Academic journal article Journal of Narrative Theory

'"At the Court of Bellona': Political and Libidinal Usurpation in Barry Lyndon"

Academic journal article Journal of Narrative Theory

'"At the Court of Bellona': Political and Libidinal Usurpation in Barry Lyndon"

Article excerpt

We are puppets, and unknown forces pull the strings.

-Georg Büchner, Danton's Death.


In his visit to Drogheda, William Makepeace Thackeray climbed up "Cromwell's Mount," a lieu de mémoire compelling the traveler to stop and recollect:

After being twice beaten back, by the divine assistance he was enabled to succeed in a third assault: he "knocked on the head" of all the officers of the garrison; he gave orders that none of the men should be spared. "I think," says he, "that night we put to the sword two thousand men; and one hundred of them having taken possession of St. Peter's steeple and a round tower next the gate, called St. Sunday's, I ordered the steeple of St. Peter's to be fired, when one in the flames was heard to say, "God confound me, I bum, I bum!" The Lord General's history of "this great mercy vouchsafed to us" concludes with appropriate religious reflections: and prays Mr. Speaker of the House of Commons to remember that "it is good that God alone have all the glory." Is not the recollection of this butchery almost enough to make an Irishman turn rebel? (507)

This passage is important for several reasons. It belongs to The Irish Sketch Book, published in 1843, one year before The Luck Barry Lyndon, a novel with an Irish hero. The description of the siege is, for all its brevity, more vividly explicit than any account of battle we may find in Barry Lyndon, admittedly a military novel that consistently refuses to portray the war.1 The historical evocation is magnetized by the military exploits of Oliver Cromwell, a rebel that succeeded in turning many people, let alone Irish people, into rebels, thus releasing endless usurpatory energy. In an 1840 lecture well known to Thackeray, Thomas Carlyle explained how the legal notion "usurpation" (267) set parliamentary obstacles to the Protector's ambition. Ever since John Locke defined it as "a kind of domestic conquest" (397) the word usurpation and its cognates found their place in the political vocabulary of modernity, referring first to the arch-usurper Cromwell and later-pace Locke-to the Prince of Orange.2 By the time Thackeray visited Ireland in 1843, its landscape had already become a terra damnata, a moral topography blistering with the stigmata of civil war. His Irish hero does not forget:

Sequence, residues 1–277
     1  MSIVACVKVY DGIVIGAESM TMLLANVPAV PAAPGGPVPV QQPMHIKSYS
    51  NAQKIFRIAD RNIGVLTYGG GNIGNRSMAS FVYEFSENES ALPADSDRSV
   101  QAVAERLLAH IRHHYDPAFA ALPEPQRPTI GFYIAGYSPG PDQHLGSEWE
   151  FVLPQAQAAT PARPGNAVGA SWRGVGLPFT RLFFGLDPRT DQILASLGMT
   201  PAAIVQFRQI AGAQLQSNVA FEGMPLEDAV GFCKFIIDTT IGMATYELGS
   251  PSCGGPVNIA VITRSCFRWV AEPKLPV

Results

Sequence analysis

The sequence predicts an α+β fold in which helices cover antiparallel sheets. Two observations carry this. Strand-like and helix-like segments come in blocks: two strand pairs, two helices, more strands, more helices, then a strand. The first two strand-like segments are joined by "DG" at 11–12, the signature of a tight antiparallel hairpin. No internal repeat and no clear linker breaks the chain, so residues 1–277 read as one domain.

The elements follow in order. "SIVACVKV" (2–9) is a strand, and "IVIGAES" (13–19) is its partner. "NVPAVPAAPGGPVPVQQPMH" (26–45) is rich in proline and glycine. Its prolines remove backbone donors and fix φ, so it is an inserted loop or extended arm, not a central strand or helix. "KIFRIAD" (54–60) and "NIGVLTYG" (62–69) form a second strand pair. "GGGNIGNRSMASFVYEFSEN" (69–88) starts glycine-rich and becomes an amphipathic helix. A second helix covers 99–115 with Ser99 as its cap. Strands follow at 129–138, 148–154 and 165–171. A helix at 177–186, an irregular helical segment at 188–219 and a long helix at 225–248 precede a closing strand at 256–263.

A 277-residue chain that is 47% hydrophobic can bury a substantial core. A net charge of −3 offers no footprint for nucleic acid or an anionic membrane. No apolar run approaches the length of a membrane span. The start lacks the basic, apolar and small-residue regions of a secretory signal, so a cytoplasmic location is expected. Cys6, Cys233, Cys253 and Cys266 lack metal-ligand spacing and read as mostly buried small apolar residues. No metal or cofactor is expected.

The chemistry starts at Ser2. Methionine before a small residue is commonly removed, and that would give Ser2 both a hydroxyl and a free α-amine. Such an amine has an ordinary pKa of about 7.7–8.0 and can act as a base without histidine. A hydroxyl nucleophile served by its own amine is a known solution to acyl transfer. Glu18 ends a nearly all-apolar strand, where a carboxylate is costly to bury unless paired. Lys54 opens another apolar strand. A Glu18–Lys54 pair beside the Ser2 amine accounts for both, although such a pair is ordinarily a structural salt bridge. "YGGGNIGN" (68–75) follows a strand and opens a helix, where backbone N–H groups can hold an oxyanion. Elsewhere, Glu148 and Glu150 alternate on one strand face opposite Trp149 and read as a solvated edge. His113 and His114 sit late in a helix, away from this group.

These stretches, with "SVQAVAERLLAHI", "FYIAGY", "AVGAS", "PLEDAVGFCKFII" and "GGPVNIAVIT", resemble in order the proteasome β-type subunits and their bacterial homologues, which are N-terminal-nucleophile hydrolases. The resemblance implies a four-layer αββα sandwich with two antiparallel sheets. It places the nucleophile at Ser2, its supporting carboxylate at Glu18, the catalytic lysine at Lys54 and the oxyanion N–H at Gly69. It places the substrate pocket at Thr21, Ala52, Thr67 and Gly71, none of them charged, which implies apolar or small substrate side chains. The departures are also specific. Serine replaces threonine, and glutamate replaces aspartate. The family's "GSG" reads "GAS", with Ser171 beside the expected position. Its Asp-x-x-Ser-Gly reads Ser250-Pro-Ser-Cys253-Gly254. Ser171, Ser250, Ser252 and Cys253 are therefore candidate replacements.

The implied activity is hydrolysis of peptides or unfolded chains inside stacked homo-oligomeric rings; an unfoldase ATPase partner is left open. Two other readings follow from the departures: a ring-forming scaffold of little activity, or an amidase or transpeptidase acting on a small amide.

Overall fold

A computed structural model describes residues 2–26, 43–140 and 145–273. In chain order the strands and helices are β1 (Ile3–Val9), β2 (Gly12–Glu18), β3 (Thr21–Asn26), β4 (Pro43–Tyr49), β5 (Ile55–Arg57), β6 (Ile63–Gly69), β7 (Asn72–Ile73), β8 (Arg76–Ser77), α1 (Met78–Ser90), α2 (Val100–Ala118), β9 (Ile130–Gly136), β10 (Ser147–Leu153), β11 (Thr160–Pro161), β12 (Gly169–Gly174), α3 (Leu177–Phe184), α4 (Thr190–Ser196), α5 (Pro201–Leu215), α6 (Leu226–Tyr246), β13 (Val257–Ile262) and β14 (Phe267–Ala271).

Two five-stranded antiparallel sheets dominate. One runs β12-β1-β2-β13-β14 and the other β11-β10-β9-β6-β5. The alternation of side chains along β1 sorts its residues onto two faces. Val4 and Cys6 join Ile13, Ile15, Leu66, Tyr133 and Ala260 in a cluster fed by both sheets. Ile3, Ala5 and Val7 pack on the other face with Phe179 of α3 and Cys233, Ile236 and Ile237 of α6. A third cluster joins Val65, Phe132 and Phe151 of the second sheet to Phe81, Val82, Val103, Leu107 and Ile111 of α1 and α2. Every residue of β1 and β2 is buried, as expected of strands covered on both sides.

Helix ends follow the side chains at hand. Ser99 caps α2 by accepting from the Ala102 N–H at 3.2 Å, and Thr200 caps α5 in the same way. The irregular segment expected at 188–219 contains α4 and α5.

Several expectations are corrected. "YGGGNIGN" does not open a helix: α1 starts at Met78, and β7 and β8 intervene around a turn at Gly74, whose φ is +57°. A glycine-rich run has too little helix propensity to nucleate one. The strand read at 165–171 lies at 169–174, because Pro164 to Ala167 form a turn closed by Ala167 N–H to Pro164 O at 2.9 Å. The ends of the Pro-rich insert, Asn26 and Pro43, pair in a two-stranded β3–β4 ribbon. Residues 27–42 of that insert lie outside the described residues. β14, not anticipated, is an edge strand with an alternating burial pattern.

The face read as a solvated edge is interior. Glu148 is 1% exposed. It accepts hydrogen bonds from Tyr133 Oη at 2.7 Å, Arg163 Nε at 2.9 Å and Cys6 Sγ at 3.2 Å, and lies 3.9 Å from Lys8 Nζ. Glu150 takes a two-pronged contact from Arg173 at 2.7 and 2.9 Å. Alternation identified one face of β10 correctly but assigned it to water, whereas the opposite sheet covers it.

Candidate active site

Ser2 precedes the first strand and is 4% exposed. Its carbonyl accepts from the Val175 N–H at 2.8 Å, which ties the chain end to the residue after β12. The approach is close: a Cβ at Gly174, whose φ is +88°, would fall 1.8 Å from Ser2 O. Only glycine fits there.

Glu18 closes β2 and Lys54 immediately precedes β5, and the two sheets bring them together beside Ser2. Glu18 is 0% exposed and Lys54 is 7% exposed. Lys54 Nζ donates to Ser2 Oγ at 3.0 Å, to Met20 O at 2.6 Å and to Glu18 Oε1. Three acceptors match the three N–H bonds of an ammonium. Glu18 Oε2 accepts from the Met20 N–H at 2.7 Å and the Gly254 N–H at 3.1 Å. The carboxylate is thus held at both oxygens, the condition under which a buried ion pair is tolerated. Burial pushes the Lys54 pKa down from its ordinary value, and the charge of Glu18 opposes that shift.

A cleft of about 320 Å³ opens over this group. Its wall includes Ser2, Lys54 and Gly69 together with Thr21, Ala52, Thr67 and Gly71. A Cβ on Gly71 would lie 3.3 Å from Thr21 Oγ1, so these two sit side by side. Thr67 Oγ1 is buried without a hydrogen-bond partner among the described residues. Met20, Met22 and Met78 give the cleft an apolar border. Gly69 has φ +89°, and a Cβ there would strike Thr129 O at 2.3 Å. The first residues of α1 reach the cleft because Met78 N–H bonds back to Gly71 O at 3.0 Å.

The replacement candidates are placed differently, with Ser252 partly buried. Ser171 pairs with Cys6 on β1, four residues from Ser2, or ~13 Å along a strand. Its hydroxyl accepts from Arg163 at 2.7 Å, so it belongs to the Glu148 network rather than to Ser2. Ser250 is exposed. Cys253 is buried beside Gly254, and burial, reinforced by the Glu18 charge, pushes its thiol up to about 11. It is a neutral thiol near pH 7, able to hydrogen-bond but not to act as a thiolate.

Had there been a resolute leader to meet the murderous ruffian, Oliver Cromwell, we should have shaken off the English for ever. But there was no Barry in the field against the usurper. ... In Oliver's time it was too late for a chief of the name of Barry to lift up his war-cry against that of the murderous brewer. (4, emphasis added)3

Nearing the novel's end, the impressive Hackton Castle, "besieged and battered by the Cromwellians in the Revolution" (237), offers Barry an enclosure of domestic bliss before his final years in prison. The irony by then has turned oppressive.4

In this article I aim to argue three related points: a) that Barry Lyndon is underwritten by the trope of revolutionary usurpation, a catachrestic device shaping both the public (political) and private (libidinal) behavior of the novel's protagonist; b) that the systemic pervasiveness of this trope in Thackeray's novel is historically motivated; and c) that Barry Lyndon's genetic connivance in compulsive historical violence accounts for its critical eviction from the canonical great tradition predicated on domesticity and settlement.


In a quasi-literal sense, Barry Lyndon is an Irishmen turned "rebel" by recollections of butchery. His life-course keeps to a post-revolutionary timetable. Bom in 1745, the year of the second Jacobite rebellion, he becomes aware of heroism (military and erotic) at the age of fifteen, in 1760, the year of the third Jacobite rebellion. His entrance into Parliament, his highest move in the public sphere, is furthered by his support in the campaigns against the American rebels in 1778. He writes his story in 1814, on the eve of Napoleon's defeat at Waterloo. …

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